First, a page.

In August 2002 I traveled from my home in Albany, NY to New York City to take part in a "gathering"--carefully not called a "demonstration"--that antiwar activists hoped would influence our Senators to oppose an invasion of Iraq. Several hundred people participated; similar gatherings took place all over the country, though they didn't receive much publicity. Only a few leaders got into the Senators' offices, but we were all encouraged to bring brief statements that would be passed on to the Senators. This was mine.


Don't kid yourselves. A U.S. attack on Iraq will not be "preemptive," in intent or results. And the world will see it for what it is, naked aggression. Three issues are relevant: Iraqi weapons of mass destruction, Iraqi ties to al-Qaida, and Bush Administration motives.

On the subject of weapons of mass destruction, there are three possibilities. A U.S. search may turn up nothing, after thousands of Americans and tens of thousands of Iraqis have been killed. Alternatively, we may find weapons in the development stage; but there will be no proof they were meant for anything but homeland defense. The third possibility is that the weapons already exist--or will by the time we get there--and an invasion will force Saddam Hussein to use them, when he might never have done so otherwise. Israel will bear the brunt of his attack, and Israeli retaliation may bring the whole Arab world into the war.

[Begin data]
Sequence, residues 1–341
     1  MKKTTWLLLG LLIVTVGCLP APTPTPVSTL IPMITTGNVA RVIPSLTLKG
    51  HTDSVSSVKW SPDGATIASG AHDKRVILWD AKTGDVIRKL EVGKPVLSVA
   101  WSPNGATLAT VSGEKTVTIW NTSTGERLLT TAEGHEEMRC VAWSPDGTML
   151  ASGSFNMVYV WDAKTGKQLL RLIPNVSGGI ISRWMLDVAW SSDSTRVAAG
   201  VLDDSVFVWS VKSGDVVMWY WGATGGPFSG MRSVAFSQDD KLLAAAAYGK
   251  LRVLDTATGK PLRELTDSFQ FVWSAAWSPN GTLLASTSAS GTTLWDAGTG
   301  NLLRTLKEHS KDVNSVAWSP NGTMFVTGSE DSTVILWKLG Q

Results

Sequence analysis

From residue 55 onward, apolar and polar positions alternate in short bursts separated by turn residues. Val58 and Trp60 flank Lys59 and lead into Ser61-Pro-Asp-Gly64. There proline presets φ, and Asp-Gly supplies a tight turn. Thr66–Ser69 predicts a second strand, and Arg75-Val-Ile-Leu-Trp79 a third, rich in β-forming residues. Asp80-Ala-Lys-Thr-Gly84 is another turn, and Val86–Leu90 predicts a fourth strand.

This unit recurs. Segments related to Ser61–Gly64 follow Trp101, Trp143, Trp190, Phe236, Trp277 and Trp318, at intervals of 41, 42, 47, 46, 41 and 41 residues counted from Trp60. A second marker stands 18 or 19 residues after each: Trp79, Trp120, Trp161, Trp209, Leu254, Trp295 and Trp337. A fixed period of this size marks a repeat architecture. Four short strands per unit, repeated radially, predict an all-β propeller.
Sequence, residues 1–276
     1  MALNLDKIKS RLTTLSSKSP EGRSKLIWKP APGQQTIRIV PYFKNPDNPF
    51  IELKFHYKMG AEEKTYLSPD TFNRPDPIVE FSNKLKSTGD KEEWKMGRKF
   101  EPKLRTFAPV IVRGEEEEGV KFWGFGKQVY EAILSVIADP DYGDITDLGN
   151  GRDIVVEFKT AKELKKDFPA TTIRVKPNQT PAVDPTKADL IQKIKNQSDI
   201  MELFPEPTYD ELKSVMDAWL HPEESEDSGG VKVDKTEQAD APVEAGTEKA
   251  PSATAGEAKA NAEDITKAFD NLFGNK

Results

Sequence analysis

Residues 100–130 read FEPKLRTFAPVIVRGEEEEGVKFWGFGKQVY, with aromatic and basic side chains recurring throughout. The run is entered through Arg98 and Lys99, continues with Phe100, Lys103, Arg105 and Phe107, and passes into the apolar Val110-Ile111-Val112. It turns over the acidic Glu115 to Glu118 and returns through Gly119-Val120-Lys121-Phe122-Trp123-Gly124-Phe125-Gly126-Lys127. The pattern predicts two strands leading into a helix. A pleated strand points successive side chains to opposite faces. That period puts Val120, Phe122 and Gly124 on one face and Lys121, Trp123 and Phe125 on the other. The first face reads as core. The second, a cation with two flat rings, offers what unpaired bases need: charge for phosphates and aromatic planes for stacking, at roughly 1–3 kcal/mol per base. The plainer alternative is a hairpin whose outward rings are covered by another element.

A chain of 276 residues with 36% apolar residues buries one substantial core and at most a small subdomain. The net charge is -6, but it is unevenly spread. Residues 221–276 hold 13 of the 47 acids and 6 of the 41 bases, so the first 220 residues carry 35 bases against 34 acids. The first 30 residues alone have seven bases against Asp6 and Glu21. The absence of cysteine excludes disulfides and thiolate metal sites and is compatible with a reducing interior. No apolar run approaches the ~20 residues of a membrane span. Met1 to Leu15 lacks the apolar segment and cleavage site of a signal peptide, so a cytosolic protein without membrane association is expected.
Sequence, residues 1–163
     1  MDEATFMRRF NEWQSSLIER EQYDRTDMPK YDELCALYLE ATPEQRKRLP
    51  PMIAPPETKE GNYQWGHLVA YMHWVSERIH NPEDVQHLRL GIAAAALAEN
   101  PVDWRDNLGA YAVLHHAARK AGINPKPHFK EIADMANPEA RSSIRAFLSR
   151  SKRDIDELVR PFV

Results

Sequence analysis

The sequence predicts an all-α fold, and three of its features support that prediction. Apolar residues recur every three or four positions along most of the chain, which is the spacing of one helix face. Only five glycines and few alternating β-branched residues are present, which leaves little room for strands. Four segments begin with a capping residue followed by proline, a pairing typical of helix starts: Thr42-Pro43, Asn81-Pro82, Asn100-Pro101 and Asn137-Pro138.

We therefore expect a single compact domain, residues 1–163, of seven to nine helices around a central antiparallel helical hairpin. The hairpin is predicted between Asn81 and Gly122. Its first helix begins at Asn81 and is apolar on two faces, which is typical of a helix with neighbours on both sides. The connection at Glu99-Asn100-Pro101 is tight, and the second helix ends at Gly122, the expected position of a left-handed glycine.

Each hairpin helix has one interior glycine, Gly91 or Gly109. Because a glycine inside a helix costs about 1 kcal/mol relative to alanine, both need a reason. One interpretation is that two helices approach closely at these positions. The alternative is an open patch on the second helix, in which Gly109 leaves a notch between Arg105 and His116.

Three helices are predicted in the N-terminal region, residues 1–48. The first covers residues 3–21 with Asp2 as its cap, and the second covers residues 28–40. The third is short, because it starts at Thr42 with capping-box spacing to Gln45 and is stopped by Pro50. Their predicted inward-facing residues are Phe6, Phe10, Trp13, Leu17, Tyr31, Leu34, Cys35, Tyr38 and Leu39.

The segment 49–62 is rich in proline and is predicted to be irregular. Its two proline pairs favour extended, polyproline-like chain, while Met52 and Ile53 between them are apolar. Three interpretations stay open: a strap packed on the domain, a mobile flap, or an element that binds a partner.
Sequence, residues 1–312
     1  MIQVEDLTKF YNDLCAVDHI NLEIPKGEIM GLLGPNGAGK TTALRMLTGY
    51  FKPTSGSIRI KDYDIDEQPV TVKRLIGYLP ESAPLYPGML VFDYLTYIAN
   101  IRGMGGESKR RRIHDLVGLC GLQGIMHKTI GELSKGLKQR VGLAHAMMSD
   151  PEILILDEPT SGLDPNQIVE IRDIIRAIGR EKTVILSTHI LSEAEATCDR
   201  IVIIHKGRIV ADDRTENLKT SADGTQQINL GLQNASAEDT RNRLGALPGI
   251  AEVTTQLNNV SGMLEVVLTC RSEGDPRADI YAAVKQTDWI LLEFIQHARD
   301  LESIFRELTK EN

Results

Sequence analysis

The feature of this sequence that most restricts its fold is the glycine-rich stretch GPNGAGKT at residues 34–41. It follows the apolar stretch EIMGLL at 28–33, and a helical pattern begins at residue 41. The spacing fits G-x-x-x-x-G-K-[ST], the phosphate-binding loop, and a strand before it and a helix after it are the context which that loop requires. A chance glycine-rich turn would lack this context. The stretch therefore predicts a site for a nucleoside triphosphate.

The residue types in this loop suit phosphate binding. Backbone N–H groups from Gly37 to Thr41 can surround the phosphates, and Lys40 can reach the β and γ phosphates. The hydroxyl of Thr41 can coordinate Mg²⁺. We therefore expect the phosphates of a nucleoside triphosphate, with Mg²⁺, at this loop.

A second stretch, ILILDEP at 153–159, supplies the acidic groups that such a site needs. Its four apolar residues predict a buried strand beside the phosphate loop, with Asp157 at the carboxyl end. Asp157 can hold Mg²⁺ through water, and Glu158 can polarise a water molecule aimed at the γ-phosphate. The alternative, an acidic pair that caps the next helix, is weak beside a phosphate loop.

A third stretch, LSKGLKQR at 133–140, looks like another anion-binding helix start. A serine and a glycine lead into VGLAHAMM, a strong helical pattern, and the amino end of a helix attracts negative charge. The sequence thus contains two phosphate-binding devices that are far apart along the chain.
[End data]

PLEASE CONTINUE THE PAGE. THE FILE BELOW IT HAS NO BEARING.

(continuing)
Let's look at the al-Qaida connection. The evidence of Mohamed Atta's having met with an Iraqi agent is too tenuous for that to be a casus belli. Now we're hearing that top al-Qaida men are in northern Iraq. But even if they are, it can't be proven they're being hosted by Saddam. And the timing of the claim is suspect.

Finally, we must ask why the Bush Administration really wants this war. One purpose is punitive: they want to crush Saddam because he dared to assert his nation's sovereignty and resist the overly harsh terms imposed on him after the Gulf War. They hope to intimidate other states in the region.

But a war they think they can win outright may also be a ploy to divert attention from policy failures and possible wrongdoing. All our bombing of Afghanistan hasn't defeated al-Qaida; they're regrouping and shopping for anti-aircraft guns. Osama bin Laden, Ayman al-Zawahiri and Mullah Omar are still out there. The U.S. military is attacking wedding parties and ignoring Northern Alliance war crimes. And we now know that at least three 9/11 hijackers were known terrorists who should have been under surveillance.

Please don't let Mr. Bush and his advisors lead us into another war. They have their hands full botching the one we already have.